DateTime Refresher

How often do you use the DateTime object in .NET?

I'm willing to bet quite often, but here's the thing. I reckon, like most .NET developers, most of the time you use it to do the following:

var currentDate = DateTime.Now;


var currentDate = DateTime.UtcNow;

What many developers don't stop to look at, however, is just what the humble DateTime object hides under its hood. Closer to the surface, it has the common things you might expect, such as 'ToString' allowing you to do things like this:

var rfc1123string = DateTime.Now.ToString("r");

which will give you a date formatted as follows

"Thu, 19 Mar 2015 16:13:03 GMT"

( Not bad for one format letter :-) )

Or, you can tweak the format yourself by using a longer format specifier.

var myFormat = DateTIme.Now.ToString("dddd dd, hh:mm:ss - MMMM yyyy");

That will give you a date the looks like this:

"Thursday 19, 04:20:39 - March 2015"

A quick Google search for "Date Formatting C# Cheat Sheet" will get you a number of handy quick references great to pin on your office wall, a worthwhile investment of a sheet of A4.

There are also a couple of quick to use handy extensions:

// 16:31
var shortTime = DateTime.Now.ToShortTimeString();
// 19/03/2015
var shortDate = DateTime.Now.ToShortDateString();
// 16:32:50
var longTime = DateTime.Now.ToLongTimeString();
// 19 March 2015
var longDate = DateTime.Now.ToLongDateString();

The quick extensions are affected by your local settings. The comments in the preceding code are for my territory which is "en-gb", but the output for other territories should be similar.

If pretty string printing were the only thing DateTime could do, however, we'd not have very much use for it. Fortunately for us, it's also very good at performing arithmetic and, when coupled with the "TimeSpan" object, can be used to make calculations very easy indeed.

Let's say, for example, we wanted to know what the day would be exactly 1 year from today, we could easily find this out by using the following:

var dateInOneYearsTime = DateTime.Now + new
   TimeSpan(365, 0, 0, 0);
var theDayInOneYearsTime = dateInOneYearsTime.ToString("dddd");
Console.WriteLine("Today is : {0}", DateTime.Now.ToString("r"));
Console.WriteLine("The day 1 year from today will be : {0}",

We know that there are 365 days in a year, and the constructor for a time span takes the form (Days, Hours, Minutes, Seconds), allowing us to easily add 365 days onto our current time. We then use ToString or the properties of the result to get the properties we want to access.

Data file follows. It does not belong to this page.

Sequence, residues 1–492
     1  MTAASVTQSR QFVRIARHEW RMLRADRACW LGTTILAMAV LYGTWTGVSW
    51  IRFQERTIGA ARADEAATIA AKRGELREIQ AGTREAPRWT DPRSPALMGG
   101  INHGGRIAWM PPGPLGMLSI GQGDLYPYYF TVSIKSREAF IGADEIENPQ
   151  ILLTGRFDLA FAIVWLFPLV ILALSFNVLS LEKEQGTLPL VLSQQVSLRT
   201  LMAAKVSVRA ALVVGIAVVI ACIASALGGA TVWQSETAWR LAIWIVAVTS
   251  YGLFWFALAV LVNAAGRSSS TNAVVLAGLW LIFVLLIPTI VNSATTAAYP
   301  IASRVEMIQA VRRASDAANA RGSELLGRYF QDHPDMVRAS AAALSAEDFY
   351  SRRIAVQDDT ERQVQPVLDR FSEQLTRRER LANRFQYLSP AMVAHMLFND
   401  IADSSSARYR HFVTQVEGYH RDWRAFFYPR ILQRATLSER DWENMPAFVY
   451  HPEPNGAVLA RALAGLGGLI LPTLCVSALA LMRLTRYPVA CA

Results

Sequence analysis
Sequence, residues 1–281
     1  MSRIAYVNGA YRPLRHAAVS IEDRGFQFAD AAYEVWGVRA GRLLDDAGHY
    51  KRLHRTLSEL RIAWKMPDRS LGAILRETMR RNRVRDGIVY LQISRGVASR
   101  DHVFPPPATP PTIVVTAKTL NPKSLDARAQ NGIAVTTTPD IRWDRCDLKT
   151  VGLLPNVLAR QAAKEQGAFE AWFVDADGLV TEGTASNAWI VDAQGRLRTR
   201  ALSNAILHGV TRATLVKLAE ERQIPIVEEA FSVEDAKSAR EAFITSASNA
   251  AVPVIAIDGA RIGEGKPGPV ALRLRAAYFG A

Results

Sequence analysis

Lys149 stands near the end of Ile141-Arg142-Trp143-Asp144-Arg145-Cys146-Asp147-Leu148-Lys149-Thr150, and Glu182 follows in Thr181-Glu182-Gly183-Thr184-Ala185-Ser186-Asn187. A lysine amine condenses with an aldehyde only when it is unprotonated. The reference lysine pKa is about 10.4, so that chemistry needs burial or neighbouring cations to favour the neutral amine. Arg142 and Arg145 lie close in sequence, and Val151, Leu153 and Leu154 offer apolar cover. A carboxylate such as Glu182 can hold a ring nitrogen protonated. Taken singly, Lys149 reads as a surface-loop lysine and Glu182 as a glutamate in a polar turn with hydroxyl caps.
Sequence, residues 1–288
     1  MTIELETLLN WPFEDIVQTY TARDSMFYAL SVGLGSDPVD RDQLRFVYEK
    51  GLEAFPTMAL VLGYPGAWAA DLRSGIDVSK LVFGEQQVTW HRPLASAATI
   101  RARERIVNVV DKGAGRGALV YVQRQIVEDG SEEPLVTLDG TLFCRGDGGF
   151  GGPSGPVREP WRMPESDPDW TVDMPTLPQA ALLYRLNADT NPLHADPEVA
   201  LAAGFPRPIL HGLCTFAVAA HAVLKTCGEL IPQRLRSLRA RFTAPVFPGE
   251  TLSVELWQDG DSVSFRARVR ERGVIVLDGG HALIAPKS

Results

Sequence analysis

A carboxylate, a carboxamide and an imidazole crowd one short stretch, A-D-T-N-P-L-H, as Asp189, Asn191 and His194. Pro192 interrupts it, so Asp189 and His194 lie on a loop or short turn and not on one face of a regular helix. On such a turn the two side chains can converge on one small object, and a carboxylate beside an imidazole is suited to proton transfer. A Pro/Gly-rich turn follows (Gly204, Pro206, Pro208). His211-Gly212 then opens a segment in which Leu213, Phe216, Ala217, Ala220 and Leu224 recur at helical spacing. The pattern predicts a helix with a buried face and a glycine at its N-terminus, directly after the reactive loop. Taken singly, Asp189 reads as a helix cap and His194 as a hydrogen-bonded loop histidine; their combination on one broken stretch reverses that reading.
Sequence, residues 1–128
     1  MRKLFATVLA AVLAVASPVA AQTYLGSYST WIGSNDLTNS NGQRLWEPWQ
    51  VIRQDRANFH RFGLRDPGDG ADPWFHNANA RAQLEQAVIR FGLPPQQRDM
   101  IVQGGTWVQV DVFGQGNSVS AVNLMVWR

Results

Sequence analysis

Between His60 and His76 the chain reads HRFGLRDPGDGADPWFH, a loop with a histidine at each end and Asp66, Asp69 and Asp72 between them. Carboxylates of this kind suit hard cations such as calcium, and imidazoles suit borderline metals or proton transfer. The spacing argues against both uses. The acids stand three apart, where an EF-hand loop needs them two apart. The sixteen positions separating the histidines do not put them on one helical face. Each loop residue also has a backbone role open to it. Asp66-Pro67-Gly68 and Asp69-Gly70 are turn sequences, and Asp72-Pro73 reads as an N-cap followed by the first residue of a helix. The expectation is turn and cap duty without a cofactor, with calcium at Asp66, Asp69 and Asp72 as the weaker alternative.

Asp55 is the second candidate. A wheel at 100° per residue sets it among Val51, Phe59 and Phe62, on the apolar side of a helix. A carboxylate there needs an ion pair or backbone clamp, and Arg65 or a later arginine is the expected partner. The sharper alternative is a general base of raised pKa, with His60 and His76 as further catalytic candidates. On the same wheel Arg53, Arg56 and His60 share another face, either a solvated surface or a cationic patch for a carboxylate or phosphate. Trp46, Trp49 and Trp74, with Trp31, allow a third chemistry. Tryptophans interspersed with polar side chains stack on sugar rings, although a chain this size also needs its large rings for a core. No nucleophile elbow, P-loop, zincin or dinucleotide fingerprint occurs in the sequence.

TimeSpan can be used to perform all sorts of time period arithmetic, which then can be easily applied to a DateTime object. It comes in quite handy for conversions, too; for example, we easily can find out how many seconds there are in 15 minutes by using the following code:

var totalMinutes = new TimeSpan(0, 0, 15, 0);
var totalSeconds = totalMinutes.TotalSeconds;
Console.WriteLine("Total number of seconds in 15 minutes
   is {0}", totalSeconds);

Which, as you can see, is 900.

We easily can do the same to get the total number of days, hours, milliseconds, and minutes.

You don't have to use a TimeSpan, however; you can perform math operations directly on DateTime objects. If we wanted to know how many minutes were between two time periods, we can find this out as follows:

// 10th January 2015 at 10am
var firstDate = new DateTime(2015, 1, 10, 10, 0, 0);
// 5th March 2015 at 4:30pm
var secondDate = new DateTime(2015, 3, 5, 16, 30, 00);
var totalMinutes = (secondDate - firstDate).TotalMinutes;
Console.WriteLine("The total number of minutes between {0}
   and {1} is {2}", firstDate.ToString("r"),
   secondDate.ToString("r"), totalMinutes);

Which, as you can see, is 78150.

You also can do most of this arithmetic just using the various "Add" methods directly on your single object.

If you were building a web page and that web page was required to allow the user to pick from a list of valid date formats supported by their system, you'd need a way to interrogate the system to decide which formats it can support. This is easily done by using the following:

var formats = DateTime.Now.GetDateTimeFormats();

Which, on my system, gives me a string array containing 89 different variations.

If you need to make decisions based on daylight savings time, you can do so by using the following:


The property 'Kind' on the date time object will return an enumerated value that tells you if the time value is 'Local' or 'Universal', thus allowing you to make decisions on needing to convert to/from your local time zone.

The DateTime object pack a lot of power under the surface, and makes it very easy to do almost anything you might want involving date and time manipulation, so next time you only use it to get the current time, spare a thought for what other tasks you might be able to put it to.

Got a .NET question you want answered, or want to know if there's a .NET way of doing a task you've been assigned? Leave a comment below, or come and find me in the "Lidnug" users group on Linked-In and ask; there's a good chance it'll end up as a post in this column.

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